In October of 1517, Martin Luther launched the protest that became the Reformation. Luther protested against a church that emphasized regulations and rituals more than the reality of God’s grace and forgiveness. At the same time, Luther was infuriated by a church hierarchy that was full of greed and self-indulgence. Safe passage to heaven had become something to sell. One of the church’s most notorious peddlers and fundraisers was a man named Tetzel. His slogan was, “When the money in the coffer clinks, a soul from purgatory springs.”

Today there Tetzels still with us. Often they are well-groomed and wholesome-looking, their mouths are full of God-talk, and they guarantee you God’s blessings if only you will write a generous check for their particular ministry. Meanwhile, they pay themselves lavish salaries from the money they raise. Woe to such religious hucksters! They wash the outside of the dish, but inside they are scum, filthy with greed and selfishness.

Dead Inside

Jesus’ sixth accusation drives the point home:

Woe to you, teachers of the law and Pharisees, you hypocrites! You are like whitewashed tombs, which look beautiful on the outside but on the inside are full of dead men’s bones and everything unclean. In the same way, on the outside you appear to people as righteous but on the inside you are full of hypocrisy and wickedness (v. 27-28).

A cemetery often looks better than the lawn of a family bustling with life. Lively kids mess up the lawn and leave toys lying around. Dead people don’t. They don’t disturb the graveyard grass or leave unsightly clutter. With a little whitewash and a good landscaping crew, the cemetery looks perfect. But no matter how perfect it looks, the place is dead!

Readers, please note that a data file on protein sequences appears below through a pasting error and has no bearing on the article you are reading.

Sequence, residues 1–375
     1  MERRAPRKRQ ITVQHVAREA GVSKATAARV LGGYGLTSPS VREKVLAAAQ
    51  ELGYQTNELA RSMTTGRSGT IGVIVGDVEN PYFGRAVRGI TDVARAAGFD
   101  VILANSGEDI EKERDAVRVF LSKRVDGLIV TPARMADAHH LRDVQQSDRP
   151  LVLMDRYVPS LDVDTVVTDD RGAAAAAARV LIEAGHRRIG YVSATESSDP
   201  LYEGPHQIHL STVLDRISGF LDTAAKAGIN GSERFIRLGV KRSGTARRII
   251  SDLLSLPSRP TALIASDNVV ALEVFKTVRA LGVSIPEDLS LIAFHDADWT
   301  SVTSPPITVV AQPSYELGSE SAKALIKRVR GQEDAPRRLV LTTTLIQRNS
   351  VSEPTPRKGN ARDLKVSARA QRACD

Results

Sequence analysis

A living, vibrant church is like a houseful of rambunctious children. It’s going to have its share of messy situations and embarrassing moments. That’s because it’s helping sinners with their problems rather than forcing them to pretend they don’t have any problems. When a church become more interested in appearances than in the honest sharing of struggles, it is dead. It may still look splendid. Everybody comes to church dressed prim and proper. All the rituals are carried out exactly according to form. All the right words are used, and everyone is careful to make a good impression. But a church like that is a spiritual cemetery. The monuments are beautiful, the grass looks great, but just below the surface lie death and decay.

Rejecting God’s Messengers

Speaking of cemeteries–in his seventh and final indictment, Jesus charges that these hypocrites think that the only good prophet is a dead prophet:

“Woe to you teachers of the law and Pharisees, you hypocrites! You build tombs for the prophets and decorate the graves of the righteous. And you say, “If we had lived in the days of our forefathers, we would not have taken part with them in shedding the blood of the prophets.” So you testify against yourselves that you are the descendants of those who murdered the prophets. Fill up, then, the measure of the sin of your forefathers!

You snakes! You brood of vipers! How will you escape being condemned to hell? Therefore I am sending you prophets and wise men and teachers. Some of them you will crucify; others you will flog in your synagogues and pursue from town to town. And so upon you will come all the righteous blood that has been shed on earth… (v. 29-35)

Almost everybody likes a prophet once he’s dead. It’s the ones who are alive that we don’t like very much. It’s easy to say we would have repented if we had heard the preaching of Jeremiah or Amos or John the Baptist or Jesus. But when we’re confronted by the voice of God in our own time and challenged to repent of the sins that we enjoy and make excuses for, it’s another story. In many of our churches, if a preacher stood up and preached a sermon like the one Jesus preached, he’d be out looking for a new job. Oh, we admire great prophets and reformers from a distance—now that they’re gone—but what we want in our own pulpit is a person who is nice, sociable, easy to get along with. We won’t come out and say it, but what many of us really want is a wimp. We want a nice, tame religion, not the fierce, challenging reality of the living God.